The purpose of the this study is to indicate the close relationship between the text of tragic composition – what we have in written form and can read – with melopoiia (music composition) and opsis (visual elements of performance), which Aristotle includes in the qualitative parts of tragedy in Poetics. More specifically, it looks at the modes of delivery of poetic text corresponding to various types of metre, and reviews some features of the representation of plot and characters on stage that are implicit in the text. Ancient theatre production was based on several interdependent conventions, which constituted a number of acoustic and visual codes. Such codes were gradually developed in tandem with the poetry of dramatic genres (both tragedy and comedy), and as a result their relationship to the text was semantic and connotational. Systems of conventions, therefore, enriched the theatrical experience of the spectators by elucidating (or even illustrating) and supplementing the signification of language.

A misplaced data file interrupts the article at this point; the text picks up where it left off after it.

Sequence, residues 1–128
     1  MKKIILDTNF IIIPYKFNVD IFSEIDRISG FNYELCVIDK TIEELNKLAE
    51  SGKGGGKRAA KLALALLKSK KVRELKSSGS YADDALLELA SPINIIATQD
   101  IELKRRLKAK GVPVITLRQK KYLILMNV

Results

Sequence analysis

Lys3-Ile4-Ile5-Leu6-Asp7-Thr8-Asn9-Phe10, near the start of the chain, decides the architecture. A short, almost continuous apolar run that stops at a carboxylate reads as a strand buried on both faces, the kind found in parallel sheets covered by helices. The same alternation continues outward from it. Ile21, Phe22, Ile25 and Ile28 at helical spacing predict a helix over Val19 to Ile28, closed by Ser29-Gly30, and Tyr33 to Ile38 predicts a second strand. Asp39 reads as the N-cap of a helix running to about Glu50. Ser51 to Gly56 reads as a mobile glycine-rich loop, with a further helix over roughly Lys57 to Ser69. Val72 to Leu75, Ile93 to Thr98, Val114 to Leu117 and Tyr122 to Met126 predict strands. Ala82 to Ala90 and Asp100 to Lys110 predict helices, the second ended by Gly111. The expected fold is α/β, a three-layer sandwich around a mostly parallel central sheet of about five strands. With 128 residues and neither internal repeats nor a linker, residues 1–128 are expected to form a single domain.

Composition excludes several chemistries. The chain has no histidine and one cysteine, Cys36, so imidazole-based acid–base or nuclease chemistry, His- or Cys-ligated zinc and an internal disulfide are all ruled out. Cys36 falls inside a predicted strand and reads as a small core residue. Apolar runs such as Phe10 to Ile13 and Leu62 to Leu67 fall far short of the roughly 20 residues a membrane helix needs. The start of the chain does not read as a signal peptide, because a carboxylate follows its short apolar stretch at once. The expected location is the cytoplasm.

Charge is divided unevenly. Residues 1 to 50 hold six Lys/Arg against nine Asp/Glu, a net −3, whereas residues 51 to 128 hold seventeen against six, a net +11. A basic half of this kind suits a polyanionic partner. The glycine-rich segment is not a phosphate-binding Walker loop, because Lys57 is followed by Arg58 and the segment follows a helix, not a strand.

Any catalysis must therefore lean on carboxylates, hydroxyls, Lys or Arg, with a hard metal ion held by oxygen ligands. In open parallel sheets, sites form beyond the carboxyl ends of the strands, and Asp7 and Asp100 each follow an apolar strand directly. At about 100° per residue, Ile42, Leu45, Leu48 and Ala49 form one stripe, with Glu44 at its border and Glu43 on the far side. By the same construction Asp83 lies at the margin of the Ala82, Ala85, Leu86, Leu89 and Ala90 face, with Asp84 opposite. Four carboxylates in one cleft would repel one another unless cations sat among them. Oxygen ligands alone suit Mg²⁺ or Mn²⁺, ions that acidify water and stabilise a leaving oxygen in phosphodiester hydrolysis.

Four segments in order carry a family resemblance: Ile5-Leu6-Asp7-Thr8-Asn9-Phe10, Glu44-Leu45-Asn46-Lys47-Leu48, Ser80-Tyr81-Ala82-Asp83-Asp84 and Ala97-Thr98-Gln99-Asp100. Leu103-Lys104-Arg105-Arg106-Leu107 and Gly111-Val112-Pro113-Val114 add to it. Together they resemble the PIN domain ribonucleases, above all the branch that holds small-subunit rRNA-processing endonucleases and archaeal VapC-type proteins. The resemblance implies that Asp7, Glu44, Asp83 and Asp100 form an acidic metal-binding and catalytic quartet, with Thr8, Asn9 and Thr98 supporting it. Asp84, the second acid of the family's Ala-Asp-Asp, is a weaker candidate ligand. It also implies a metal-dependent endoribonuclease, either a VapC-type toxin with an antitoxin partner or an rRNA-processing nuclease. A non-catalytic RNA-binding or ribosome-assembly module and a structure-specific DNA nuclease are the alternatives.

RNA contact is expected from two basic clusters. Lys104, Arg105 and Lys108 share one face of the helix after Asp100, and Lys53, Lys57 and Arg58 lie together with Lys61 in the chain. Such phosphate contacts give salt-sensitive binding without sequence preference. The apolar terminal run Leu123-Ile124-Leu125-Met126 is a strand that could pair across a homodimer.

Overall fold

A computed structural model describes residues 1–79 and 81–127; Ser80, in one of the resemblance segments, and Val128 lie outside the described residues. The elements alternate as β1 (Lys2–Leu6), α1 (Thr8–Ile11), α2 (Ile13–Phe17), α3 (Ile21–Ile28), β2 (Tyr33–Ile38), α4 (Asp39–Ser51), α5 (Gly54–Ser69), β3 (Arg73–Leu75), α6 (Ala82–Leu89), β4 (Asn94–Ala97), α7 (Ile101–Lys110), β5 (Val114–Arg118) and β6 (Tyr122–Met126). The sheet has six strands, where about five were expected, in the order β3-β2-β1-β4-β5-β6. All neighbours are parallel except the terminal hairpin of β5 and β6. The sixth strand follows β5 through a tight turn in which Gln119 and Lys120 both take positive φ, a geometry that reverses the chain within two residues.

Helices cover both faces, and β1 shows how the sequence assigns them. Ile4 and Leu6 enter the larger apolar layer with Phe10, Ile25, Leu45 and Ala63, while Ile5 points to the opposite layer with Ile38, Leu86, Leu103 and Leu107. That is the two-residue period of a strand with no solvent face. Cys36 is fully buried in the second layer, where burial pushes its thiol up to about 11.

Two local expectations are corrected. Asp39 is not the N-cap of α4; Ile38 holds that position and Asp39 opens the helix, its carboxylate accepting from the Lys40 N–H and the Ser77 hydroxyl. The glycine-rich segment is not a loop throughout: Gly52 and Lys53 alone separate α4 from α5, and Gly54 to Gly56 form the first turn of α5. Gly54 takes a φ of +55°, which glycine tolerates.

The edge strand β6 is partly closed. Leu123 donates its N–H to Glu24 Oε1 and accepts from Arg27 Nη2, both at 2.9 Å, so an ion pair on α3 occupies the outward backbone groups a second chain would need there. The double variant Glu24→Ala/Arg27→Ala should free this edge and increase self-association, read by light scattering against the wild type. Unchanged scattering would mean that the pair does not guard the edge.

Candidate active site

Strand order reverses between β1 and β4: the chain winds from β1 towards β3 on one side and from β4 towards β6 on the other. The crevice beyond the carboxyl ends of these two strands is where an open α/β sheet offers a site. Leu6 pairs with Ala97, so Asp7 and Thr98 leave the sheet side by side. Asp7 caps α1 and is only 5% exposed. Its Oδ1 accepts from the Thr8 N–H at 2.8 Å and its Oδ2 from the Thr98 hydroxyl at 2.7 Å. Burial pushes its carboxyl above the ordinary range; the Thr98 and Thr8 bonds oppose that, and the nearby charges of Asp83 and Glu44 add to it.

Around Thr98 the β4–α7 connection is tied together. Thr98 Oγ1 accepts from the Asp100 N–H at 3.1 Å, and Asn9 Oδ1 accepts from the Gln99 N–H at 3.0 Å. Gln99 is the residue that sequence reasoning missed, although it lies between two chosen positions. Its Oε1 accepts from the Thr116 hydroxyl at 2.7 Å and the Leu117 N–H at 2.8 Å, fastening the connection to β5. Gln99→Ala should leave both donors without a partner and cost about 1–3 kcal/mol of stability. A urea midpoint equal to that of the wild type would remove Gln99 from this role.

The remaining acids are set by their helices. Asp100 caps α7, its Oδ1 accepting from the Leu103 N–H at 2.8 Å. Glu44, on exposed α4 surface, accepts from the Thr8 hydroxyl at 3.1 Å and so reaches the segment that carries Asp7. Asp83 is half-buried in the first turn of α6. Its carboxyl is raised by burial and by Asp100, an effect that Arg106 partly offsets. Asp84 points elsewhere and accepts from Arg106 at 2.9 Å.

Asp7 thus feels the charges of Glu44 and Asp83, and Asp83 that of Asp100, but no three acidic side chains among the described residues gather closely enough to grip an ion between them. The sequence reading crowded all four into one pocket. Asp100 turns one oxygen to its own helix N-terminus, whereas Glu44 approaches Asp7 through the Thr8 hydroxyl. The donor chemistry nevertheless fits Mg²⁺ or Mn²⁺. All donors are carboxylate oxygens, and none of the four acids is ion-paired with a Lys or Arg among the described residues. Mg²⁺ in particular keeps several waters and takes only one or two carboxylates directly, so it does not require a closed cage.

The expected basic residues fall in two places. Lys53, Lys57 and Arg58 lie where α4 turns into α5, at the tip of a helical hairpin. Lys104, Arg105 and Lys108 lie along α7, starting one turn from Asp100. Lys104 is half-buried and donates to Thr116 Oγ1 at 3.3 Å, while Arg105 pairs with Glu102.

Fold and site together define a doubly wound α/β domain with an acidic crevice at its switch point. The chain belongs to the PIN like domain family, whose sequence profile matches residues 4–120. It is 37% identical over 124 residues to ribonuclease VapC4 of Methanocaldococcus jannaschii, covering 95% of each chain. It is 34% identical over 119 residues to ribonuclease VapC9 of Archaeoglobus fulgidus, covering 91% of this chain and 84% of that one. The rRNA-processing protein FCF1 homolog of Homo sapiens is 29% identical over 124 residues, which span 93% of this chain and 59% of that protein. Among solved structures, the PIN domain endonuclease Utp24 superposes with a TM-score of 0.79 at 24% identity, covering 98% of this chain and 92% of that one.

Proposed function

Theatre conventions, however, including musical modes, solo singing, masks and costumes (not to mention the architectural development of stage buildings), have been ignored, or even repudiated, in modern productions, (a) because they were – and to a large extent they still are – poorly known, and (b) because modern producers address a contemporary audience and in addition desire (or perhaps are expected) to be original artists. The present paper focuses on music, masks, and costumes, and puts forward the view that no “original” production of Greek tragedy can be truly successful unless it undertstands, respects and takes advantage of the conventions of the ancient didaskalia.